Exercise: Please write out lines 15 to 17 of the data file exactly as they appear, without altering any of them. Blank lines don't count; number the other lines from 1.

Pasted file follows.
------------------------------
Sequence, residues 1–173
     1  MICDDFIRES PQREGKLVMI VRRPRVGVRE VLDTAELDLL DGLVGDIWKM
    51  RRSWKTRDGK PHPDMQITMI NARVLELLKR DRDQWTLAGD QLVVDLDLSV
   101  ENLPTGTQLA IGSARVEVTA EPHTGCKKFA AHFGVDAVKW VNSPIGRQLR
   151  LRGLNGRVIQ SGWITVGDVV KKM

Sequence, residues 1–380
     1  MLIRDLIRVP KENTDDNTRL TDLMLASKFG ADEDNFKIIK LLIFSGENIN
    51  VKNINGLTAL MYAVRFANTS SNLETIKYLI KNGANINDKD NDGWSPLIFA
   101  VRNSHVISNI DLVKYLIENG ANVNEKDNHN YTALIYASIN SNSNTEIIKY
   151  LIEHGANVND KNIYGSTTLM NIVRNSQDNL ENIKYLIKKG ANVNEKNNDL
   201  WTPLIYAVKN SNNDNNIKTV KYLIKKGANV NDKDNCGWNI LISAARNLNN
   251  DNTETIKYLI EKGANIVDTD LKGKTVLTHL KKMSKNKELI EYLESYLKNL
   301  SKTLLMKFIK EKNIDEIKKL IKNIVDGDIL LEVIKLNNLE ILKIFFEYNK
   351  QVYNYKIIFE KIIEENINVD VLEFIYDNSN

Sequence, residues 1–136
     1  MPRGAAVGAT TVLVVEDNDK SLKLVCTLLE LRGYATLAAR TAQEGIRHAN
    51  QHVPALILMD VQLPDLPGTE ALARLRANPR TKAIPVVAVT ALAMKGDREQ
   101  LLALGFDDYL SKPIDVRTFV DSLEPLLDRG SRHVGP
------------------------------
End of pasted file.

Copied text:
Sequence, residues 1–136
     1  MPRGAAVGAT TVLVVEDNDK SLKLVCTLLE LRGYATLAAR TAQEGIRHAN
    51  QHVPALILMD VQLPDLPGTE ALARLRANPR TKAIPVVAVT ALAMKGDREQ